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« Reply #471 on: July 13, 2007, 12:32:52 AM »

Mika is very popular in our office.  The interns went to see him in Stockholm.  You are right about that falsetto voice, trojan.  I thought he was interesting in the way he harks back to Freddie Mercury on a few of the songs but that was about it for me.

The Chameleons slipped under my radar screen, grobin.  I was amused to see that Spinal Tap reunited for one of the live earth concerts.  I had to explain to my daughter who they were.
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Dzimas
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« Reply #472 on: July 13, 2007, 03:48:30 AM »

It is interesting how some pop musicians make successful crossing of the Atlantic and others don't.  Robbie Williams is still huge in Europe, but fell flat in America, even with the cute video he did with Nicole Kidman that was supposed to ease the transition.  Mika is quickly achieving the same European superstar status.  Not that I'm into any of this music, but with three youngsters in the house, MTV is on most of the day. 

Rap had no problem making the transition to Europe, and the rest of the world for that matter.  My son is all into Hip Hop, adopting many of the same affectations, in an Ali G sort of way.  I've been turning him onto some of the early Rap artists like Run DMC, Beastie Boys and Public Enemy, but found myself pleasantly surprised by some of the vibes of Cypress Hill, which pick up on a lot of interesting Mexican strains in their music.  Seems to be his favorite band at the moment.  I can't say I was ever a big Rap fan, but made an effort to appreciate this music.  The stuff today, however, is so blatantly narcissistic that I can't stand to listen to much of it.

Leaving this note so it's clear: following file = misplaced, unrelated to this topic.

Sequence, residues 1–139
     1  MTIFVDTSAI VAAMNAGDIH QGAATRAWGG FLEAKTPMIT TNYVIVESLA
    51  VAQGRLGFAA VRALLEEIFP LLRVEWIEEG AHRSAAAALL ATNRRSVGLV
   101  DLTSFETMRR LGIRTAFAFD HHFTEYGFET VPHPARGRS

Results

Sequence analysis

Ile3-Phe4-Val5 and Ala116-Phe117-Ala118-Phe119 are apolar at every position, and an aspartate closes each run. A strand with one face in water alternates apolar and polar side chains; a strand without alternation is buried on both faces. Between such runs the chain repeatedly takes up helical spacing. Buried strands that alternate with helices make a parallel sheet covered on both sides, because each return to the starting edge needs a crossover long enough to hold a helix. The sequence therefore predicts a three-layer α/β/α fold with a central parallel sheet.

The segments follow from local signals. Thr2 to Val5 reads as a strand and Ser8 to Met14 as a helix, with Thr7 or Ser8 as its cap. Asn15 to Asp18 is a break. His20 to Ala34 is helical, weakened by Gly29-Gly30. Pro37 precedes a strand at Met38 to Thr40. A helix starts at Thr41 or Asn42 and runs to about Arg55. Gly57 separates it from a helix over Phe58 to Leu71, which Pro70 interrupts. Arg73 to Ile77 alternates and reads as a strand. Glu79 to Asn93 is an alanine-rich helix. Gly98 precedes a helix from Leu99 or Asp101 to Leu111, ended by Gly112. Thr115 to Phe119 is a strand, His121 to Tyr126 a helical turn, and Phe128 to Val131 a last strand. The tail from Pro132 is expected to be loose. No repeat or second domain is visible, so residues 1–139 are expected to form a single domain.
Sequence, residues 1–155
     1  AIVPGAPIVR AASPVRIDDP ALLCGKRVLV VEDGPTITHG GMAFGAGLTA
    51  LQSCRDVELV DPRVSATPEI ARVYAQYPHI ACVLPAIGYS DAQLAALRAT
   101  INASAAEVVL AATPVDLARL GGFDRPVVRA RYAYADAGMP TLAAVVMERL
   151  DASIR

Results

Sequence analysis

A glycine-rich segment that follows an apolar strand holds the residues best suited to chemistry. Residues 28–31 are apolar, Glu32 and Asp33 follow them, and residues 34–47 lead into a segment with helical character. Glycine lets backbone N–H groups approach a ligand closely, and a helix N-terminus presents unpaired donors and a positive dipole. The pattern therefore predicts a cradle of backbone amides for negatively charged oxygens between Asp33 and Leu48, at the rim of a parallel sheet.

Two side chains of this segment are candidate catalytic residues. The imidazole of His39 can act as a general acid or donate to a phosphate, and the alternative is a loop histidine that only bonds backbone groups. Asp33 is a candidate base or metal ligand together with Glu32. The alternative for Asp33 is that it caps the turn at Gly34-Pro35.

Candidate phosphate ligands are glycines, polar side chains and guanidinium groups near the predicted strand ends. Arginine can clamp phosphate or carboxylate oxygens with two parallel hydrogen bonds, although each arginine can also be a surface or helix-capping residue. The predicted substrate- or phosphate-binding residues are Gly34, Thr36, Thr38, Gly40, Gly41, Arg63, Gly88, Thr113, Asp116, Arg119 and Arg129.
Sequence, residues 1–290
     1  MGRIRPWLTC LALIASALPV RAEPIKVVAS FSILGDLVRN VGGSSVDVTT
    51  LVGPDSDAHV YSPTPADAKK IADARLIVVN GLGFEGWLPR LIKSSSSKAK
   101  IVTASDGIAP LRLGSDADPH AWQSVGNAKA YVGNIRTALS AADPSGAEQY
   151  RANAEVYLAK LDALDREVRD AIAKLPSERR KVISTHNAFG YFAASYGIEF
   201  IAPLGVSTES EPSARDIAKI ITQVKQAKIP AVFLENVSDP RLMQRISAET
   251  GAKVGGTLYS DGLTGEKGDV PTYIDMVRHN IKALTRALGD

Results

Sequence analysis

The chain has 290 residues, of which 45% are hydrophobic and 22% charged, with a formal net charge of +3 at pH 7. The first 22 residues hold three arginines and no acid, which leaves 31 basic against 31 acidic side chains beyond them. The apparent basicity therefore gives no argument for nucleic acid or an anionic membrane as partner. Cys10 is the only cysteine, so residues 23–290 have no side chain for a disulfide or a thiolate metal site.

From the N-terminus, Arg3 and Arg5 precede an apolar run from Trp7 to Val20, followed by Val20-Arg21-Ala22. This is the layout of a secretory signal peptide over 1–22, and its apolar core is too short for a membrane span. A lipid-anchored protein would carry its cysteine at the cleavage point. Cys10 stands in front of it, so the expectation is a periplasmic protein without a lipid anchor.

My oldest daughter has branched out quite a bit.  As a result, I am forever hunting down my CD's as she is constantly sampling them.   
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bosox18d
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« Reply #473 on: July 13, 2007, 04:02:17 AM »

I saw Robbie Williams here several years ago with two friends in the record industry and I still can't figure out why he is such an attraction .He wasn't bad but he came off backstage as such a self important blowhard that I was turned off.He seems to think he is some kind of visionary instead of just another rock/pop singer.
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bosox18d
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« Reply #474 on: July 13, 2007, 04:12:22 AM »

One of my favorite Brit Dance/Pop acts is The Pet Shop Boys.They have a style that is only theirs and put together some great albums.Not serious music but really good at what they do.My friend happened to be the art director for the early albums here on EMI and I spent a night with him/them on a photo shoot on Santa Monica Pier.One guy asked Neil Tennant if he listened to Al Stewart and Tennant did not like the comparison at all.The question came up many times here in the states.
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Dzimas
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« Reply #475 on: July 13, 2007, 06:08:33 AM »

I didn't know you were so well acquainted with the music biz, bosox.  The Pet Shop Boys were recently in Vilnius, but alas I never was a very big fan of them.  More an English Beat fan with that funky mix of reggae and pop chords at the time.  It is interesting to see these 80s acts now the elder statesmen of Techno-music, or House music as they call it today.  I much prefer groups like De Phazz and Pink Martini with their throwback style to the 50s and early 60s.  De Phazz will be in Vilnius this fall,

http://www.youtube.com/watch?v=ZY1ehv6-NJ4

I share your sentiments in regard to Robbie Williams.  The guy sells out shows in Europe though, which means a big ego comes with it.  Kind of like the Beckham of the Euro-pop music world.